May 19, 2020

Why ‘Going Green’ Will Boost Your Bottom Line in More Ways Than One

Going Green
green business
Sustainability
Sustainable Initiatives
Tony DelCastello
4 min
Why ‘Going Green’ Will Boost Your Bottom Line in More Ways Than One

As global concern for the environment increases, it makes sense that many businesses are adopting more environmentally friendly practices such as using and manufacturing greener products.  This conscious adjustment also makes good business sense, as it helps the bottom line in addition to the environment.

The greener the better

A recent survey conducted by The Big Green Opportunity found that 62 percent of business owners offer green products or services in part because it is seen as a “competitive requirement” in their field.  Of those companies, 80 percent said that they have seen a steady increase in sales of their green products or services, even during the recession.  In fact, the greener the company, the better their bottom line: the survey, which labeled companies by their varying level or “shade” of green found that “deeper green businesses were more successful because their customers were more likely to request green products and services, they could reach new green customers and customers bought from them because of their green practices.”

Rebates and credits

The Department of Energy maintains a database of available tax credits for energy-saving practices.  Each state offers programs that include rebates or credits for installing more efficient lighting systems, particularly those that utilize renewable energy.  In addition to saving money through the tax credit, your business may see revenue increase, as environmentally conscious clientele will be drawn to your firm through your commitment to the cause.

In 2013, the Environmental Protection Agency launched an Energy Star certification program for data storage centers, enabling vendors to designate eligible hardware as Energy Star certified.  In turn, businesses that purchase the equipment can use the Energy Star promotional mark and will receive credit from the Department of Energy.

Smart savings

Environmentally beneficial actions can yield fast returns on investment.  Many of these actions are as simple as reducing energy usage.  As mentioned, energy efficient equipment can earn you an Energy Star and a tax credit, but it can also save a substantial amount on your company’s electricity bill.  Employees can be enlisted to conserve energy in the workplace and lower operating costs even further.  Many manufacturers of heating and air conditioning units now equip their thermostat devices with sensor technology that detects when rooms are vacant in order to lower energy use.  A growing number of machines used in the workplace can communicate via embedded sensors, taking measurements and making decisions that conserve energy through automatic shutdowns or low-power states.  Recent computer models feature “standby” or “hibernation” modes to employ when not in peak use, and laptops generally use 80 percent less energy than desktops.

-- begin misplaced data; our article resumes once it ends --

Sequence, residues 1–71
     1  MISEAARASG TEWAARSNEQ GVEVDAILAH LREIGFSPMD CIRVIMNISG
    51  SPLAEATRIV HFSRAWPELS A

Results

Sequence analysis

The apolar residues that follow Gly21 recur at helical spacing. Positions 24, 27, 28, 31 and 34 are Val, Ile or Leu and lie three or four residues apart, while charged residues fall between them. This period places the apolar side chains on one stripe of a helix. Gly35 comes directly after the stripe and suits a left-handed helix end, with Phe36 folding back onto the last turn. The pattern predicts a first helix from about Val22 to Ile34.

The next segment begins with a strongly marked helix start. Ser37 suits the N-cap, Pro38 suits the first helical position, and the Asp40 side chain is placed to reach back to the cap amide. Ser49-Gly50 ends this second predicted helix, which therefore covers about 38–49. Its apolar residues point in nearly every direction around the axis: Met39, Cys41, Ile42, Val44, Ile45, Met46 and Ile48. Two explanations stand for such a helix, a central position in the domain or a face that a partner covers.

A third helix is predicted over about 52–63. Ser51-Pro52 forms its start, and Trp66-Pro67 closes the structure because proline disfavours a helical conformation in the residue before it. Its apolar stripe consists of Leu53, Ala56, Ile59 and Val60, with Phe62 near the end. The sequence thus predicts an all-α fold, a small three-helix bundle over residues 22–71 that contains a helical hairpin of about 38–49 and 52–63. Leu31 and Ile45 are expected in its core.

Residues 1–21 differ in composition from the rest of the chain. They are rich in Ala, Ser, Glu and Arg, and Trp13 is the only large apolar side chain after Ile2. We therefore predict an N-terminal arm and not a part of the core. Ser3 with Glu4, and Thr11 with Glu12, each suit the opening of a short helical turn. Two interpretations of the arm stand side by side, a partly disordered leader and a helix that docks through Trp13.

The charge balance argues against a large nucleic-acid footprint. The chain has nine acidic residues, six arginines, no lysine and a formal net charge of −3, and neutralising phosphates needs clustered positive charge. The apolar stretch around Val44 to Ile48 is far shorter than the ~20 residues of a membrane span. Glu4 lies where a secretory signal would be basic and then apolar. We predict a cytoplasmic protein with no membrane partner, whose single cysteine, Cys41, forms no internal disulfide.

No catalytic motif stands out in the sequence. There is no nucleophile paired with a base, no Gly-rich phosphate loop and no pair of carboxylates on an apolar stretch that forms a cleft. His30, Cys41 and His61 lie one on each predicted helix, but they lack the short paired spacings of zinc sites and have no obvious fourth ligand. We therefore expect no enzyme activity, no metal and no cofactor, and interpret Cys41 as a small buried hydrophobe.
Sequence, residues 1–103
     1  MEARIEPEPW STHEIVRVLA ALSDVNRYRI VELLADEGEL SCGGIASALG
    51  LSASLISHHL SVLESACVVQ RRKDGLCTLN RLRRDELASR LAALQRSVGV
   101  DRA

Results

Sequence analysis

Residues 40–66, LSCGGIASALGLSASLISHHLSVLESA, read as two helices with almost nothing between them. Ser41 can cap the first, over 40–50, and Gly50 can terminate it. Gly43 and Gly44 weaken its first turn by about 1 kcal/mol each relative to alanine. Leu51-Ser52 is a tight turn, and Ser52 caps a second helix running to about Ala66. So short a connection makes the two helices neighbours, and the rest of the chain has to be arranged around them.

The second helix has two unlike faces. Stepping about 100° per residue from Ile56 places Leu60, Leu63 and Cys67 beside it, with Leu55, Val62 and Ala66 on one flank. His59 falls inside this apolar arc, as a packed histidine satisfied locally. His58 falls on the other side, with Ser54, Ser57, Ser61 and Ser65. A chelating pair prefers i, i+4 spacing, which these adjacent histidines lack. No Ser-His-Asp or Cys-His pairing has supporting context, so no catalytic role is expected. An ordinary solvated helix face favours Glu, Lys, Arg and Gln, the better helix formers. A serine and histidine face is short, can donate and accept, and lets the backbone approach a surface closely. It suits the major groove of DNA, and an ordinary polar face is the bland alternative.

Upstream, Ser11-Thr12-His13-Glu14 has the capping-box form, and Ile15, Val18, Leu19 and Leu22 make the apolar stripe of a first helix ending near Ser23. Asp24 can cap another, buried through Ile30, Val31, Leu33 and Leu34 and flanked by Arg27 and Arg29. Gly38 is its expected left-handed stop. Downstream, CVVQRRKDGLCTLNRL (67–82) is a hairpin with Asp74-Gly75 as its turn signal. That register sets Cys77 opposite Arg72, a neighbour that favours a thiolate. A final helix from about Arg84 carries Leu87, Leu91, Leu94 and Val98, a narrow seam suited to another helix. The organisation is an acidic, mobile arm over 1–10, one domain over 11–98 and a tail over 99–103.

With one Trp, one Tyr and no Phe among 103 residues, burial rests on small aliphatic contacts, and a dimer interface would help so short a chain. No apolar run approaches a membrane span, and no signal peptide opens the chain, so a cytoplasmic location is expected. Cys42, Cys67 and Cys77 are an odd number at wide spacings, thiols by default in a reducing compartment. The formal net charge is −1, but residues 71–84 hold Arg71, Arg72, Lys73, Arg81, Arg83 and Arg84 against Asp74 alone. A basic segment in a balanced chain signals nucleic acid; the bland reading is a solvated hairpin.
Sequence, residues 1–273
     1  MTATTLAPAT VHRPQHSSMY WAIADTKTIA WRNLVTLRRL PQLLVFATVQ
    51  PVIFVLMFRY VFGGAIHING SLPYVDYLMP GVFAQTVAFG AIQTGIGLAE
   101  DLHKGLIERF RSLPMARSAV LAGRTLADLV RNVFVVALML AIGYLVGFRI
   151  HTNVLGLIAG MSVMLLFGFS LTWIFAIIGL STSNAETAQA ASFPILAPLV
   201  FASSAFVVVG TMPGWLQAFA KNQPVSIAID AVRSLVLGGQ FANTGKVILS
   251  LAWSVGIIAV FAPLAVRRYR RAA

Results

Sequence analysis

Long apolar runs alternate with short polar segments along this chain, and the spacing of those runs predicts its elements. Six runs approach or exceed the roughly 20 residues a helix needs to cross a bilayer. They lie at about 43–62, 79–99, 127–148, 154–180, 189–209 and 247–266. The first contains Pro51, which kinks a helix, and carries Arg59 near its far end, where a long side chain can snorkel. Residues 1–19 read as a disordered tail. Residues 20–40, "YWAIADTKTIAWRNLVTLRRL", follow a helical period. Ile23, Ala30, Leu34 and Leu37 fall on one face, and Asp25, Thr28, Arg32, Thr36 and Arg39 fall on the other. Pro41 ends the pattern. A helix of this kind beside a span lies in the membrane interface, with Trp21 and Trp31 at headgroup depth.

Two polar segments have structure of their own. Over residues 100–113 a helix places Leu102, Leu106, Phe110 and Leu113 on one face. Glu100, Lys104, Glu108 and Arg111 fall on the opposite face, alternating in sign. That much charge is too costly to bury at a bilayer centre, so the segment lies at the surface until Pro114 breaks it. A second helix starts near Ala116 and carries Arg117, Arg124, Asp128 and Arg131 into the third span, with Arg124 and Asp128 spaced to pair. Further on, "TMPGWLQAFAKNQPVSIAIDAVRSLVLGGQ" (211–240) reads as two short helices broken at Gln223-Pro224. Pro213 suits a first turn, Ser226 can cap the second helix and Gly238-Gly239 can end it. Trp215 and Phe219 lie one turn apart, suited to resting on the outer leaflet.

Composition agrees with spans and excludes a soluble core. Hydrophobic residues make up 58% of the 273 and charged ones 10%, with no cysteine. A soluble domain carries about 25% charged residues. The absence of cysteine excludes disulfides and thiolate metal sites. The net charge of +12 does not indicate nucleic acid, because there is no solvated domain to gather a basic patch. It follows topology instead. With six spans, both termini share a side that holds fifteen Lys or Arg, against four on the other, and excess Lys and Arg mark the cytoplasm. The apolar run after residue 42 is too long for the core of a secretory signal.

Over the past few years, many companies have also taken steps towards becoming paperless.  The EPA reports that the average office worker uses 10,000 sheets of copy paper per year.  A statement from tech giant IBM on the excessive use of paper in the workplace reads, “Paper is becoming a bottleneck for business processes and its excessive usage is also becoming a clear impediment for organizations that are embracing greener IT."  Several corporations are wearing their paperless status as a badge of honor and encouraging others to follow suit.  Google has made the push, offering its Google Drive online storage system to account holders free of charge.  Last year, the company partnered with other digital organizations such as Expensify and Xero in a communal pledge to go paperless.

Promotion

A major benefit to going green is the ability to market your firm as a company that cares.  One way to promote your commitment to the environment is through an eco profile.  By simply listing the steps that your business has taken towards environmental conservation directly on your products, promotional materials or website, you are sending a message that your firm believes that sustainability matters.  The 2012 Edelman goodpurpose® Study found that 72 percent of consumers would recommend a brand that supports a good cause over one that doesn’t.  Additionally, 73 percent of consumers would switch brands if a different brand of similar quality supported a good cause.  In order to stay competitive in today’s market, a company needs to have environmentally friendly practices in place.